As said, our test model was the medium wheelbase version (actually the shortest version of this model) with the high roof. This gives an overall length just shy of 6m and a height of nearly 2.6m. This might exclude a lot of car parks, but gives a load area which will take four Euro pallets and a capacity of 10m3 and up. Still not enough for you? The LWB and LWB plus will take six pallets with a maximum volume of 18.4m3.

The load area floor is nearly 3.5m long and 1832mm wide, narrowing to 1380mm at the wheel arches. The wooden floor has a tough plastic covering and six well-located strap hooks, but there is no insulation or panelling on the walls. Access is by a large side door (1311 x 1822mm) or by the 50/50 split rear doors, which will open 270º and secure to the side of the van magnetically. No fumbling with greasy catches on this van.

In motion
On the road the Crafter continues to impress.  The 2.0 litre turbo-charged in-line four diesel engine is not what you’d call exciting but

is perfectly adequate to the task. It moves you swiftly away from the lights, and while you get some induction roar if you push it through the gears, at motorway speeds all you hear is a bit of wind noise from the large mirrors and some muted thumps from the suspension. No rattles, no buzzes and no vibration. The six-speed gearbox driving through the front wheels is slick and precise; the clutch is light enough and the brakes and steering are nicely weighted. The tuning circle is 3.6m, which is not bad at all for a 6m long front-wheel drive van.

Driver assist
There is a comprehensive electronic package to assist the driver. As well as ABS, the Crafter comes with load-adjusting Electronic Stability Programme and cross-wind assist, a driver alert system that chastises you if you change lanes without indicating, hill start assist and a function that turns on your hazards if you have to brake hard. Get too close to someone while you have the cruise control on, and the Crafter will back off the throttle to maintain a two-second gap. If that is not enough, it will even apply the brakes for you. All clever stuff.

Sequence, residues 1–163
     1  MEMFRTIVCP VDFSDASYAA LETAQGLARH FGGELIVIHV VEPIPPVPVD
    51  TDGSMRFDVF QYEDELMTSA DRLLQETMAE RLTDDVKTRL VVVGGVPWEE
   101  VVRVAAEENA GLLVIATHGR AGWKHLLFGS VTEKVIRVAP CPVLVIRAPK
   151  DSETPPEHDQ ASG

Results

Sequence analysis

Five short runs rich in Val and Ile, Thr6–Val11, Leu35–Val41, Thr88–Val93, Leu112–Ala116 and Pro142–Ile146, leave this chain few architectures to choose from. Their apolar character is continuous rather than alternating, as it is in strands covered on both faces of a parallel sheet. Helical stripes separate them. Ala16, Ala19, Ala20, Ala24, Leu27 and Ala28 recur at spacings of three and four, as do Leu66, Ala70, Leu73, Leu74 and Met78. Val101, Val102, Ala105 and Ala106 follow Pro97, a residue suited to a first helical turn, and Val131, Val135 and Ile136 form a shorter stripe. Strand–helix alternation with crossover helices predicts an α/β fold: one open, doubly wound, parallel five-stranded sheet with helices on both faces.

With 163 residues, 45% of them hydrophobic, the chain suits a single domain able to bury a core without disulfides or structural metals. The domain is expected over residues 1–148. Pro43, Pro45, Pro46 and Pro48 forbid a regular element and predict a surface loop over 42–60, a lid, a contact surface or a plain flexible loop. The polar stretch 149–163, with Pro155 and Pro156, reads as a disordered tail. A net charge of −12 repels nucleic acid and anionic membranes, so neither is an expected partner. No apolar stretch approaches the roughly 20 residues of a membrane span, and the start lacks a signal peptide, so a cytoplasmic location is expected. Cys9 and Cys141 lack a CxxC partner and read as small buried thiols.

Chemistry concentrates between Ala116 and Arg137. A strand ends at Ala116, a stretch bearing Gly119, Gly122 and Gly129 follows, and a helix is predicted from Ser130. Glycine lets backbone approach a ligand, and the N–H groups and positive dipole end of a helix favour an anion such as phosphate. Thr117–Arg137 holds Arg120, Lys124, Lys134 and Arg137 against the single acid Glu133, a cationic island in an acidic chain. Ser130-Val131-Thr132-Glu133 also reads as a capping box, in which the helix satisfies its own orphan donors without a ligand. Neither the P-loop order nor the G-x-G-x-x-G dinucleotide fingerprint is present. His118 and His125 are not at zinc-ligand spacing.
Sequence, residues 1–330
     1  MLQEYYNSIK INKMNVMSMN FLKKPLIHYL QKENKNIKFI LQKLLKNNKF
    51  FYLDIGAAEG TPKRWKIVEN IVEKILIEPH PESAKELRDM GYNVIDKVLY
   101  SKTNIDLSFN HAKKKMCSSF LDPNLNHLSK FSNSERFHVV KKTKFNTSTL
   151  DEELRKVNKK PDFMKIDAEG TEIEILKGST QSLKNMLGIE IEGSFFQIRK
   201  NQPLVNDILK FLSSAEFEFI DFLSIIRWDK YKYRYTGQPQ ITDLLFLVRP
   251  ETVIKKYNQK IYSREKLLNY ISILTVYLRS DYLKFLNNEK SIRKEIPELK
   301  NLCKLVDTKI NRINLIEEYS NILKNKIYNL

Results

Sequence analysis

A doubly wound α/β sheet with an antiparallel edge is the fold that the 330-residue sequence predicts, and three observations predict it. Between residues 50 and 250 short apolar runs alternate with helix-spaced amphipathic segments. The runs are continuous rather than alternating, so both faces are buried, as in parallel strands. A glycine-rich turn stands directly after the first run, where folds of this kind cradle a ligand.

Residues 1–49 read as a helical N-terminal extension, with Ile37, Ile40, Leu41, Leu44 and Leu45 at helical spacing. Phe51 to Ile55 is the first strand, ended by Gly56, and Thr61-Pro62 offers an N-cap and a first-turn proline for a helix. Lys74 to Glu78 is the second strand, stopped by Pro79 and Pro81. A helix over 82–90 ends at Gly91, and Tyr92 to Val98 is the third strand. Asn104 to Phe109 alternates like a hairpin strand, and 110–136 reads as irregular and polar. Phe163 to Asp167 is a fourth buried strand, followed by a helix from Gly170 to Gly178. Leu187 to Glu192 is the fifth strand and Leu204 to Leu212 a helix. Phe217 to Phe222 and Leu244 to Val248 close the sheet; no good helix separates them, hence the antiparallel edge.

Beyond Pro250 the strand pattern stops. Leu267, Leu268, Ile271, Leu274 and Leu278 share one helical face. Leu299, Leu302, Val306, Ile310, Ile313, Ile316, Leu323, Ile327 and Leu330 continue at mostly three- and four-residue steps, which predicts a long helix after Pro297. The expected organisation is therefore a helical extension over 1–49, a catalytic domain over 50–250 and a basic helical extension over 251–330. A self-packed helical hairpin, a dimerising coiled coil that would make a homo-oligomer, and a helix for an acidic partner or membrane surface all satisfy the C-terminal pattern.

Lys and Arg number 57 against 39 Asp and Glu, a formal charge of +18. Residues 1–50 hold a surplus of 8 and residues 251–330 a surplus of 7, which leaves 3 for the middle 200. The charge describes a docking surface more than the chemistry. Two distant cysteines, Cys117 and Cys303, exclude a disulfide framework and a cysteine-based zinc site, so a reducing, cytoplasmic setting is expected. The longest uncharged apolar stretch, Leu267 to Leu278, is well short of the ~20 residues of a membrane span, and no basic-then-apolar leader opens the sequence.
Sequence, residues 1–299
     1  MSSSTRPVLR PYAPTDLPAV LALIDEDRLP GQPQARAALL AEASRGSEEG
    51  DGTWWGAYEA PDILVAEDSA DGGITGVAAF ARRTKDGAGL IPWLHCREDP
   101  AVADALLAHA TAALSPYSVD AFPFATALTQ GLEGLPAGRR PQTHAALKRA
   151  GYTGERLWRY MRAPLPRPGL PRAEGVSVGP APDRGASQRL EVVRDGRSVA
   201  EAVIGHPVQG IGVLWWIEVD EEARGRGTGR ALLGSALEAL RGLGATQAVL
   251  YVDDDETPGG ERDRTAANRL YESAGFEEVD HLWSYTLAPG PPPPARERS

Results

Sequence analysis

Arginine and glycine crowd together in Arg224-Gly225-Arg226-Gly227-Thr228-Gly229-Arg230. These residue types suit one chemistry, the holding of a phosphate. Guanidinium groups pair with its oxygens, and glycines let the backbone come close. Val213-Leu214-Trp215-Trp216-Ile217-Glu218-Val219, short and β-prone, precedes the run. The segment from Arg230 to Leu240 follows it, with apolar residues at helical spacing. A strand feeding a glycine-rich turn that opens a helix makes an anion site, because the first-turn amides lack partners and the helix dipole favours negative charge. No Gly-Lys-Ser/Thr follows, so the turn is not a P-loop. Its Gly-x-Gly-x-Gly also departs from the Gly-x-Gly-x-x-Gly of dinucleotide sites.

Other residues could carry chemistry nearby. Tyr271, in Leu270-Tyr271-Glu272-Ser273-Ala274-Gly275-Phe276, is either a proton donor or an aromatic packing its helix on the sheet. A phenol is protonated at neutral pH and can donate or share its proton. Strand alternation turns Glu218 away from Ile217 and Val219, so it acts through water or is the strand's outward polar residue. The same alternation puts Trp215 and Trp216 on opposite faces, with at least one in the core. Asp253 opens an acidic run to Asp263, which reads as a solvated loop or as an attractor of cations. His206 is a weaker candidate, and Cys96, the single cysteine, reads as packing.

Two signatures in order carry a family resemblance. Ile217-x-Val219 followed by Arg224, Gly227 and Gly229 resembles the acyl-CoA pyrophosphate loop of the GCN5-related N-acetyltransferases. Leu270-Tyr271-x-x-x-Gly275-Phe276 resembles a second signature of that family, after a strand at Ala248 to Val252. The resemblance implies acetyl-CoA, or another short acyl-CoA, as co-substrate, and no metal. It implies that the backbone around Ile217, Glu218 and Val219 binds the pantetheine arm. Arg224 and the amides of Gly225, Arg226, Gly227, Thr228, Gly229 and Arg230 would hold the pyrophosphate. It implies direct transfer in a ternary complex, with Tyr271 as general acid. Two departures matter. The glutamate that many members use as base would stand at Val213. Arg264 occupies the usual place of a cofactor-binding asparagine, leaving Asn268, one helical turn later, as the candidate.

Overall, it’s a very pleasant drive, and you quickly get used to the size of the vehicle.

Fuel economy
VW claims fuel consumption figures of 34.0 mpg urban, 40.9 extra-urban and 38.2 combined. This seems perfectly consistent with the 37.2 mpg I registered over a week of mixed driving. The auto stop/start certainly helps the urban figures, with a claimed saving of 10% in this cycle. This is a Euro 6 rated engine, and the small blue cap under the diesel filler might be a new concept to some users. This is for AdBlue, a fuel additive consisting of urea and water that is injected into the exhaust gases to help reduce nitrous oxide emissions. The 18 litre tank will need filling every 5000 miles or so, but more and more filling stations now have a pump, reducing the need to mess around with funnels and containers.

Tallying up
This is not a cheap van. The range starts at £29,737 OTR inc VAT and with the media and aircon, plus the metallic silver paint and Titanium Black upholstery as extra, our test model tips the scales at just the wrong side of £40k. But is it good value?

Factor in the 100k miles/3 year warranty, good economy and low depreciation plus 3 year’s VW assist (which you’re not likely to need!) and it seems a lot more reasonable. Leases start at £291 per month, so if you need something a bit larger than the average installer does, the Crafter may be worth a closer look.